backtop


Print 78 comment(s) - last by senbassador.. on Oct 27 at 4:39 PM

Microsoft has just made a move on one of Silicon Valley's hottest pieces of property.

For weeks, rumors were swirling that Microsoft was wooing Facebook and considering investing in the social networking giant.

True to these rumors, the pair has finally gone public about their new partnership.  Microsoft has agreed to fork over $240 million USD to gain a minority share in Facebook.  The move gives it only a small percentage – approximately 1.6 percent -- of Facebook's net worth.  However, even such a small commitment between these two giants will likely have major ramifications in the software and internet industry.

According to accounts, internet media giant Google was narrowly beat out in intense negotiations by Microsoft.

The move raises Facebook's net worth to approximately 15 billion dollars. Interestingly this means that if each of the 50 million users of the social network had a price attached to them, based on the site's next worth, each would be worth approximately $306.12.

The move grants Microsoft some special benefits.  Microsoft gains exclusive rights to sell Facebook advertising.  Facebook's advertising reaches an international market of millions, so this is very useful.  Microsoft has already begun to sell ads on Facebook, as of yesterday.  The deal will last until 2011.

Like any good partnership, there is plenty of sharing -- the revenue from the advertisements will be split between Microsoft and Facebook.

Facebook certainly has its own perks, too -- it gets a large cash infusion, which it can use to hire new developers and expand its resources.  Facebook announced it plans to expand from its current 300 employees to nearly 700 within a year. It also gets assistance developing a robust advertising system.

The move is definitely a win-win for both parties. Kevin Johnson, president of Microsoft’s Platforms & Services division discussed the excitement about the new pairing:

The opportunity to further collaborate as advertising partners is a big reason we have decided to take an equity stake, and is a strong statement of our confidence in the long-term economics of this partnership.  We’re very pleased with the scope and depth of our partnership.  It’s a big industry.  The equity stake we’re taking is a strong statement of confidence about this partnership.  Just sit back and watch how this partnership develops.  There’s a lot we’re going to do together.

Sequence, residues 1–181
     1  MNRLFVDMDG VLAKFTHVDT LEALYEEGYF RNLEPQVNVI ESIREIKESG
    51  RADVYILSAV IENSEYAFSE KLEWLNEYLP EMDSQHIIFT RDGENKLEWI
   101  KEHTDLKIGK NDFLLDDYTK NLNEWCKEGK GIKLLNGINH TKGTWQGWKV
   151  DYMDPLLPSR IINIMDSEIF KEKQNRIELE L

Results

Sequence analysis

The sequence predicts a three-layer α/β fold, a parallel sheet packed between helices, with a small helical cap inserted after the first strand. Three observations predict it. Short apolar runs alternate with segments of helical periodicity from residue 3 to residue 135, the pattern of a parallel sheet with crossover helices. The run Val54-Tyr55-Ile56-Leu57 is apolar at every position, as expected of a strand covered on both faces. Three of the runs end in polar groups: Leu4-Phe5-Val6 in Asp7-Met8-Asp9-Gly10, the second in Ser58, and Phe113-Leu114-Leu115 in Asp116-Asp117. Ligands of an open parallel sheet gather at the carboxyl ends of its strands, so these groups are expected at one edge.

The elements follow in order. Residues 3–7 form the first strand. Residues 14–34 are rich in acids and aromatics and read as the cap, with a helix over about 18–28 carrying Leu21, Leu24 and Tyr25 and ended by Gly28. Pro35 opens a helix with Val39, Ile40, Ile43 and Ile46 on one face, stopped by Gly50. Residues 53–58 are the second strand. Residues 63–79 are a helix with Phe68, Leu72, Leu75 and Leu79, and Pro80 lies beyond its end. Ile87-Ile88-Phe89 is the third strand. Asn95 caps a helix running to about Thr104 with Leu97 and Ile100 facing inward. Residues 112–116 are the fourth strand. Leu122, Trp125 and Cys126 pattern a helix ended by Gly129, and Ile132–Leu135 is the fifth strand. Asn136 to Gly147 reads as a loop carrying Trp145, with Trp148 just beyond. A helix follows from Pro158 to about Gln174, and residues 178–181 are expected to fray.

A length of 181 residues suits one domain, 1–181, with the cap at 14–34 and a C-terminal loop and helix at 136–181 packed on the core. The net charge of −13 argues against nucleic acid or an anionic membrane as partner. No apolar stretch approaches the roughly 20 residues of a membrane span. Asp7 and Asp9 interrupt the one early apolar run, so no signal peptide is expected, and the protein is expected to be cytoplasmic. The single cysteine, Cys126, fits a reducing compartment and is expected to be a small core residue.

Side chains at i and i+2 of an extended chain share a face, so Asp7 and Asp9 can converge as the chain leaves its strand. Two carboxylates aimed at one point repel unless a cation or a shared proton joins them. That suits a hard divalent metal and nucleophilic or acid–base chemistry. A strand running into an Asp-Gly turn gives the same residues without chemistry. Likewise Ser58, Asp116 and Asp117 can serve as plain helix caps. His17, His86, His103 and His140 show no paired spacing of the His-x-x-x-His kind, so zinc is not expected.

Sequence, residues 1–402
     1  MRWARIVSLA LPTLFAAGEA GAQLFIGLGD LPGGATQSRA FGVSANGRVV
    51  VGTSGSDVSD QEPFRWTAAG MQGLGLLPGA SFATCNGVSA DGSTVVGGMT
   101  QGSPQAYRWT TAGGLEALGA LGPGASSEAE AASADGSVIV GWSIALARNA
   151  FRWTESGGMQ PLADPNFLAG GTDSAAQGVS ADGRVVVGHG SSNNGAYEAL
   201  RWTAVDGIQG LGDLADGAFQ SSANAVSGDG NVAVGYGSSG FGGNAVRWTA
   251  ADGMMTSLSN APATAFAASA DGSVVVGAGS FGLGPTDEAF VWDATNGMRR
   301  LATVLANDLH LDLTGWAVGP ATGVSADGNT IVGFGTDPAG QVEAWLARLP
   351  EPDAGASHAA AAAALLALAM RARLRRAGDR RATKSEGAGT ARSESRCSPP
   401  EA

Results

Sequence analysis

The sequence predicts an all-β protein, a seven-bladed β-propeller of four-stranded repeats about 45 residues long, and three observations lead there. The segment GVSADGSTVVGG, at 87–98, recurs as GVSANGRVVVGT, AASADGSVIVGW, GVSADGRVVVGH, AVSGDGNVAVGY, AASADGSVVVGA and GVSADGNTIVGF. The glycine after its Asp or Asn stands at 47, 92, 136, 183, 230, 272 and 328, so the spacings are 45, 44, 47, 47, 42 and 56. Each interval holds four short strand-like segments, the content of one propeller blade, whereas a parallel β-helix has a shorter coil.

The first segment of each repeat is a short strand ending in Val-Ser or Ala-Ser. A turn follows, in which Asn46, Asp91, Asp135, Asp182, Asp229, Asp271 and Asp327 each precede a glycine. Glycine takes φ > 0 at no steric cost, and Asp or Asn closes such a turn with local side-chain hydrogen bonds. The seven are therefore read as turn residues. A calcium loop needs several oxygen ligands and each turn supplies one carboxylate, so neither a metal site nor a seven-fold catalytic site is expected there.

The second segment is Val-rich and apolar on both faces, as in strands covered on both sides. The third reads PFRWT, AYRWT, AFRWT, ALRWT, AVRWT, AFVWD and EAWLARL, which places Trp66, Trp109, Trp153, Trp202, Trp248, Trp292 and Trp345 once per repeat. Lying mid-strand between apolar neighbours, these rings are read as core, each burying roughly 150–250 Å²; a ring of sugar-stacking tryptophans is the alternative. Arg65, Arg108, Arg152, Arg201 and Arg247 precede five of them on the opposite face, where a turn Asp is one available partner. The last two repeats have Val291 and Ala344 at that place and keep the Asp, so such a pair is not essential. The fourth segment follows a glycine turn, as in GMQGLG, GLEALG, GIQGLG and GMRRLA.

Facebook was considered one of the most attractive software companies due to its torrid growth.  The network has been doubling its user base every six months.  Its growth has dramatically outpaced its chief rival in online social networking, Myspace.com.

Mark Zuckerburg, the creator of the network, and its CEO, often draws comparisons to Bill Gates.  He also has been the target of some recent suits from former classmates who claim he stole their idea (which may perhaps further increase comparisons to Gates).

Microsoft is not Facebook's only new interest, though.  Facebook has just entered into a partnership with Blackberry to make "Faceberry" phones...Blackberry phones preloaded with Facebook access and functionality.  Facebook's new software for the Blackberry will make use of its push email system to access user's accounts.  Users will even be able to take pictures and create tags for them.

Facebook also recently announced grants of up to $250,000 for software developers who can present new ideas for Facebook applications, as reported at DailyTech.

The future is certainly looking bright for Facebook.  With its new partnership with Microsoft, the world's largest tech partnership, an exciting world of possibilities opens up to the network and its users.


Comments     Threshold


This article is over a month old, voting and posting comments is disabled

My problem...
By Brandon Hill (blog) on 10/25/2007 11:14:48 AM , Rating: 2
My biggest problem with the whole Facebook/MySpace phenomena is that I'm a rather private person. It's not that I'm shy or anything -- I'm actually quite the opposite.

It's just that I don't like talking about myself or showing pictures of myself to everyone or just putting myself out there. Sure, I know that you can set your page to private or whatever, but when it comes to "me," I like to do things on my own terms.

I also see a lot of these MySpace pages and think of narcissism... not that there's anything wrong with that if you're into that sort of thing.

My life is relatively boring, and there's really not much if anything that I'd want to really share. And all of my friends already know my inner workings/personality/aspirations anyway, so a web page is pretty superfluous.

For those that I don't keep in close contact with, I probably wouldn't be telling them my inner most secrets anyway ;)




RE: My problem...
By mdogs444 on 10/25/2007 11:22:14 AM , Rating: 2
Then I guess you will not be able to act like Kip, meet your own Lafawnduh online, and chat with hot babes all day.... lol. Thats what MySpace is for, IMO.


RE: My problem...
By FITCamaro on 10/25/2007 3:46:13 PM , Rating: 2
quote:
My biggest problem with the whole Facebook/MySpace phenomena is that


nobody likes me. :)

j/k


"Intel is investing heavily (think gazillions of dollars and bazillions of engineering man hours) in resources to create an Intel host controllers spec in order to speed time to market of the USB 3.0 technology." -- Intel blogger Nick Knupffer

Related Articles













botimage
Copyright 2014 DailyTech LLC. - RSS Feed | Advertise | About Us | Ethics | FAQ | Terms, Conditions & Privacy Information | Kristopher Kubicki